4

I was not successful in finding an exact equivalent Italian word for disenfranchise neither in Google nor in WordReference.

From the Merriam-Webster dictionary

disenfranchise transitive verb: to deprive of a franchise, of a legal right, or of some privilege or immunity especially: to deprive of the right to vote

In the Wordreference dictionary I can only find

Privare del diritto di voto.

Obviously this is a phrase that conveys the meaning of the word disenfranchise. However I'd like to know if there is a single Italian word expressing the same meaning.

  • 2
    Could you please add more context to your question and show some kind of attempt of translating it by yourself? – abarisone Nov 4 '18 at 13:47
  • 1
    What's the problem with the translations "privare [qlcn] del diritto di voto" or "togliere il diritto di voto a [qlcn]"? Please, edit your question to clarify your specific problem. – Charo Nov 4 '18 at 20:24
  • 2
    @FabioSpaghetti: Your question has received requests for clarification, been put on hold as unclear and been downvoted. So, apparently, yes, it seems that it needs some editing. – DaG Nov 5 '18 at 6:35
  • 2
    So, if I understand correctly, your question is simply “Is there a single Italian word meaning ‘privare [qualcuno] del diritto di voto’?”. If this is the case, I believe the answer is no, but I am ready to stand corrected if someone suggests such a word. – DaG Nov 5 '18 at 9:11
  • 2
    I took the liberty to edit the question with more details and reopen it. If I have changed the intended meaning of the question feel free to correct it. – Denis Nardin Nov 5 '18 at 10:36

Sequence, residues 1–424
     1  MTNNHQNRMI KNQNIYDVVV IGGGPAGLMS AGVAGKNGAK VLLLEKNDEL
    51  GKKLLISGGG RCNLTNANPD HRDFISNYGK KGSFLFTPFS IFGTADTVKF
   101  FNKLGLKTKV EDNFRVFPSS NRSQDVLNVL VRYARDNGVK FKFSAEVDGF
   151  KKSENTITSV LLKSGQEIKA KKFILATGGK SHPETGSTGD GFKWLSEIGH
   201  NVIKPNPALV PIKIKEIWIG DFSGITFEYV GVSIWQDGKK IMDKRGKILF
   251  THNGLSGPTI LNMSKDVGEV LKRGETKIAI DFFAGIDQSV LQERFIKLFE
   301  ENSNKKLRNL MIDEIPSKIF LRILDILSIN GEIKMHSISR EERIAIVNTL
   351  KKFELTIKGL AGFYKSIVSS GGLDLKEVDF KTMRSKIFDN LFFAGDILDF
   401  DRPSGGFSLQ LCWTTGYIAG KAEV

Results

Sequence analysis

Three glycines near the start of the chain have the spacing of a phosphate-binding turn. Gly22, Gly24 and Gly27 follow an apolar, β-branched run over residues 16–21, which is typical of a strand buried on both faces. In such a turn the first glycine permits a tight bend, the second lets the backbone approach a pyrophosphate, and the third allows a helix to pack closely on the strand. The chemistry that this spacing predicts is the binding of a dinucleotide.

3

I think that the right word is interdizione, even if it has more meanings in Italian.

In Italy, in the legal field there are two cases in which the right to vote is removed:

  • Interdizione giudiziale: for people are incapable of understanding.
  • Interdizione legale: for those who have committed particularly serious crimes.

From Treccani

interdizióne s. f. [dal lat. interdictio -onis, der. di interdicĕre «interdire»]. – 1. In genere, divieto, proibizione fatta da un’autorità: i. dell’accesso in zone militari; trattative per l’i. delle armi atomiche e nucleari. Con accezioni specifiche: a. Nel linguaggio giur., esclusione della capacità di agire o dell’esercizio di determinati diritti, che consegue a uno stato d’infermità mentale accertata dal giudice (i. giudiziale) o a una sentenza di condanna (i. legale; i. dai pubblici uffici; i. dall’esercizio di una professione o di un’arte); chiedere, ottenere l’i.; pronuncia d’interdizione.

  • 2
    This is technically correct. My only perplexity is that I feel that “disenfranchise” is often used in English also to refer to people that are de facto deprived of voting rights (say, making it difficult or costly to vote; see, for some random examples, here and here), while I believe that interdizione only refer to to a legal measure, as adopted against a felon or someone legally incompetent. – DaG Nov 21 '18 at 18:27
  • @DaG right observation, but (I think) that in Italy there are no economic or political obstacles for the exclusion of the vote. There is may be a voluntary deprivation of the right to vote that can be translated with disaffezione or astensione. – WalterV Nov 22 '18 at 13:18
  • 2
    I agree, in Italy we don't have that concept (I hope), hence we don't have a specific word. My remark was not a criticism; it was just to point out that if, while translating a text from US, one were to translate “dis(en)franchisement” with interdizione some misunderstanding might result. – DaG Nov 22 '18 at 13:45

Your Answer

By clicking “Post Your Answer”, you agree to our terms of service, privacy policy and cookie policy

Not the answer you're looking for? Browse other questions tagged or ask your own question.